Can you connect red directly to fibre box?

Our area has been recently wired with fibre with speeds up to 3Gbps.

My neighbour has had it installed. This is the box they install:

The router provided by the ISP (Community Fibre, UK) has one WAN port and 3 ethernet ports. The WAN port looks like an ethernet port.

Currently, I have a wireless router on the blue network. The red network connects to my current ISP’s modem.

If I switch to the new ISP, can I run an ethernet cable from the red ethernet port on ipfire to the centre socket in the photo above and set red to use DHCP? Would ipfire negotiate the connection to the ISP ie act like the WAN socket on their router?

Or do I have to use their router (I’d set to “modem” mode and disable WiFi since I have a separate WiFi network on blue) to connect to the above box then connect one of the router’s LAN ports to red network on ipfire?

The router is Linksys SPNMX56, similar to this.


@praful Absolutely, you, can connect the red port directly to the box in the image above. It’s called an ONT (Optical Network Terminal) and my IPFire red port is connected directly to my ONT with a ethernet cable. The only difference between you and me is I have a static IP address and I need to use PPPoE to submit a username and password, however, DHCP should work as well.

1 Like

@markadewet thank you for taking the time to answer my question and for telling me what the box is (ONT)! Nice to know the term. I currently have a static IP address and will ask for one from the new ISP. It’s good to know that I may have to use PPPoE, something I wasn’t aware of until your reply.

@praful Only a pleasure, sir. You may not need to use PPPoE it depends on your setup with the new ISP. If you look here at the wiki: - Step 5: Network Setup
there are three setting options for the RED interface when you first set up IPFire:
2: Static

@markadewet thanks again - and the link will be helpful!

I’ve been reading that the ISP I’m considering issue static IP addresses to businesses only and for consumers use CGNAT, something new to me. After some reading, I think this might cause a problem for me because I have VPN set up on ipfire. Currently I have a static address. When I had a dynamic IP address I used with ipfire. But from my reading CGNAT won’t allow dynamic DNS since one (ip4?) ISP address maps to many customers. It’s possible they also issue a dynamic ip6 address, in which case I could go back to using dynu? Please correct me if I’ve misunderstood what I’ve read!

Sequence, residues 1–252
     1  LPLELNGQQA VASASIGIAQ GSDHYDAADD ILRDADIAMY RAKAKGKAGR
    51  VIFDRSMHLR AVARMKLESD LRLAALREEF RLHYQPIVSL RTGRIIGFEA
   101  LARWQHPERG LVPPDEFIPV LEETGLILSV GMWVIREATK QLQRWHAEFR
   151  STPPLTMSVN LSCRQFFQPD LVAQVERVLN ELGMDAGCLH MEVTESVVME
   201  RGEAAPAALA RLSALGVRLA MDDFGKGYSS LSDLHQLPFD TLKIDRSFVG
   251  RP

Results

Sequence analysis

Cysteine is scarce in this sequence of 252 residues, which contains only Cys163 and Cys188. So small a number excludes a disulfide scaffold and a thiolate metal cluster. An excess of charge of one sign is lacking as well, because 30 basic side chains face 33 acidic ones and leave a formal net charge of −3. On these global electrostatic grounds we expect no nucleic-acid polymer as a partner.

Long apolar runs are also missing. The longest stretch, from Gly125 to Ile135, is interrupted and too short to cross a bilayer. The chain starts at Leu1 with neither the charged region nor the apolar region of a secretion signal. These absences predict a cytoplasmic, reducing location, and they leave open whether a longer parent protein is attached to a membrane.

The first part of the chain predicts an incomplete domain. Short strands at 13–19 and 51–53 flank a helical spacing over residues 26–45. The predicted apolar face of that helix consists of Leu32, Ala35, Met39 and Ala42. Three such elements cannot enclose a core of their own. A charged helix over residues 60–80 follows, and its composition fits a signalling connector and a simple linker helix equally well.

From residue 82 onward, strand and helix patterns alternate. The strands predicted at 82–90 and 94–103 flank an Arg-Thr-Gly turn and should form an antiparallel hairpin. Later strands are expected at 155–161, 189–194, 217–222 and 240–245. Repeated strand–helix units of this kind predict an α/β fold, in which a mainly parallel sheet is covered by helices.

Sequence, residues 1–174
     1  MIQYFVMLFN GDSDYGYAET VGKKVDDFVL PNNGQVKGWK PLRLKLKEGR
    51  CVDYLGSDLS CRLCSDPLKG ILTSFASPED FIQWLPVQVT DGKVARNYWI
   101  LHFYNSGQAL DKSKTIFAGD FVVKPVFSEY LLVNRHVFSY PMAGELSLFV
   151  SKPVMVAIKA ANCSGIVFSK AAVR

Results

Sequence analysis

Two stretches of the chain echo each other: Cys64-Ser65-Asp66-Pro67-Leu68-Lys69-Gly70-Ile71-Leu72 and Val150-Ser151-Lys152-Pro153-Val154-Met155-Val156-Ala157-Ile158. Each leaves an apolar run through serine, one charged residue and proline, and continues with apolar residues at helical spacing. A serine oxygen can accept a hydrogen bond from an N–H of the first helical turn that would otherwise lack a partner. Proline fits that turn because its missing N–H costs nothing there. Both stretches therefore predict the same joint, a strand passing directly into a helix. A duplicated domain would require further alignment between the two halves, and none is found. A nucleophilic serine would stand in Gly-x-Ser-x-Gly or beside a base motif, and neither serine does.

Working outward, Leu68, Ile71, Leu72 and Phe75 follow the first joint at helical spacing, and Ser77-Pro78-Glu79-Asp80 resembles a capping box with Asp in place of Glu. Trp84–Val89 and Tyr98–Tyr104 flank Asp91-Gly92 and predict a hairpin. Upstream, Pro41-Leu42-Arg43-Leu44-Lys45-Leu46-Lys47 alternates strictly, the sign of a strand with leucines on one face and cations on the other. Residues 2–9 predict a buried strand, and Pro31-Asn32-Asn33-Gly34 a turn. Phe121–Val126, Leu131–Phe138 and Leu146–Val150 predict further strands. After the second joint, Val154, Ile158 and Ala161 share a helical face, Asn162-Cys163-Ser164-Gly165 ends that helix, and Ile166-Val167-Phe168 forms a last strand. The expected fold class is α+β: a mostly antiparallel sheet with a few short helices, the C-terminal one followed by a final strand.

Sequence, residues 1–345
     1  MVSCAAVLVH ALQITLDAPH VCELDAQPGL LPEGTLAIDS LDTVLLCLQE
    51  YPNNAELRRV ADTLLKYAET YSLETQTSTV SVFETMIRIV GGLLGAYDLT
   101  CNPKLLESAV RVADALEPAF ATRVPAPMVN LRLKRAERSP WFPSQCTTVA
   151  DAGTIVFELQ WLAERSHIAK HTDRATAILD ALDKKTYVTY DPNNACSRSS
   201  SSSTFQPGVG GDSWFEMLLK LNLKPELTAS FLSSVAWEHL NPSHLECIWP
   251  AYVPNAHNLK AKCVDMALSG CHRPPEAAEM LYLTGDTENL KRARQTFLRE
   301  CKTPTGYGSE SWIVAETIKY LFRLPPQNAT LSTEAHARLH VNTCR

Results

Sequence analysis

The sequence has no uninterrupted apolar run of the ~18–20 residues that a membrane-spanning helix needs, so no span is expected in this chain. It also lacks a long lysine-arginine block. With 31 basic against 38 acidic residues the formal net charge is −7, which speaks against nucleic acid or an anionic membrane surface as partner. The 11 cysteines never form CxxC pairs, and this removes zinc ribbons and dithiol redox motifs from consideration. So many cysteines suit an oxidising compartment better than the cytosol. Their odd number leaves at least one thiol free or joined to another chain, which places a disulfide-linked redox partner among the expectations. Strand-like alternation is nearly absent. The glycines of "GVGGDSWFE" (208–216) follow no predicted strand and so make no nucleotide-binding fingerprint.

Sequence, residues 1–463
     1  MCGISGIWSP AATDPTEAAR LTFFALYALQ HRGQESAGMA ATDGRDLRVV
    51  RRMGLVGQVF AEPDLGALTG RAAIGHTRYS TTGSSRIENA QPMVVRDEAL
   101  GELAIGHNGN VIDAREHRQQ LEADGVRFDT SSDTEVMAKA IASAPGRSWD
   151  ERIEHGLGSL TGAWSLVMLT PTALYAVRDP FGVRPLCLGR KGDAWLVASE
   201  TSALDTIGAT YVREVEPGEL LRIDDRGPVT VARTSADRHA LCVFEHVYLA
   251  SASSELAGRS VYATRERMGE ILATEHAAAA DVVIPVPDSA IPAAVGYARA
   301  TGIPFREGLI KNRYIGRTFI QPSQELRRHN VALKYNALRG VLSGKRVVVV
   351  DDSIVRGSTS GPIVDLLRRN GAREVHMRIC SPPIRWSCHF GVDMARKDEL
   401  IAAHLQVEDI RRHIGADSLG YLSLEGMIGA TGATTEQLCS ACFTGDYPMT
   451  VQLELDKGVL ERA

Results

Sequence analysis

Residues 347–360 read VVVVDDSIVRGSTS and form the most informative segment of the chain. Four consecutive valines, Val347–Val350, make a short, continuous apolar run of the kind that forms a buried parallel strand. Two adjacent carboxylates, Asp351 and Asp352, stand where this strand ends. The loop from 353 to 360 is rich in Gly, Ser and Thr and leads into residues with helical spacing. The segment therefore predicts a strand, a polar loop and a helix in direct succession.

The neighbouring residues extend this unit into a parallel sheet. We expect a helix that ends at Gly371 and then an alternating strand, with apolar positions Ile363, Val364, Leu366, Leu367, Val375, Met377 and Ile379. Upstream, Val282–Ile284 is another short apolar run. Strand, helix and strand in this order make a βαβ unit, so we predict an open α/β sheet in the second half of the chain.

I’ll have to talk to the ISP to get some clarity.

Thanks again

off topic, but can’t help noticing how primitive that installation is done… it will cause problems down the line. The fiber is not protected and exposed to external damage, those small clamps will eventually fall off. :zap: :no_entry:

Can agree, get rid of that cheap box :slight_smile: hyperoptic simply uses DHCP on the UK and they at least used to offer static IPv4 addresses for their consumer products.

You might have to copy the MAC address of that Linksys device in case they locked it to that - like hyperoptic do.


@sec-con, @ms - the wiring does look amateurish! It’s my neighbours box. Hyperoptic is not in the area yet. That fibre cable has four wires. So four different companies can provide fibre here. So far Community Fibre have claimed one of the four slots. Maybe Hyperoptic will claim another.

I have 7 months for my current contract to finish. Maybe before it’s finished, Hyperoptic will claim one slot.

With my ISP I had to first assign the MAC Address from the router provided by the ISP to my IPFire (WUI menu Network > Assign MAC Address), then it just worked with plugging in ethernet cable from ONT to IPFire.


I don’t think I can say anything good about Hyperoptic apart from that it is better than no internet at all. I heard good things about Community Fibre tho.

1 Like

@raffe thanks - good to know.

This is one technique for connecting. Mainly there are two kinds of identification

  1. the ISP provides a router and identifys the customer by the router’s MAC
  2. the ISP provides a modem which does the identification, the customer is identified by the MAC of the first device connecting to the modem

In case 1. changing the device for WAN access means either to mimic the router by MAC or to register the new MAC at the ISP.
In case 2. a change of the device demands just a restart of the modem.
Case 2. is getting more and more rarely. Most ISP use a combined modem/router which can’t be set to bridge mode ( that is the modem functionality ).


@ms my neighbour is very happy with Community Fibre so far. Once I get clarity on CGNAT and using my VPN, I’ll know whether to switch.


1 Like

If one end has CG-NAT and the other does not, then the CG-NAT end should be able to initiate a roadwarrior-like connection to the other end.

You can still have a regular N2N connection but you need to make sure that the side behind the CGNAT initiates it.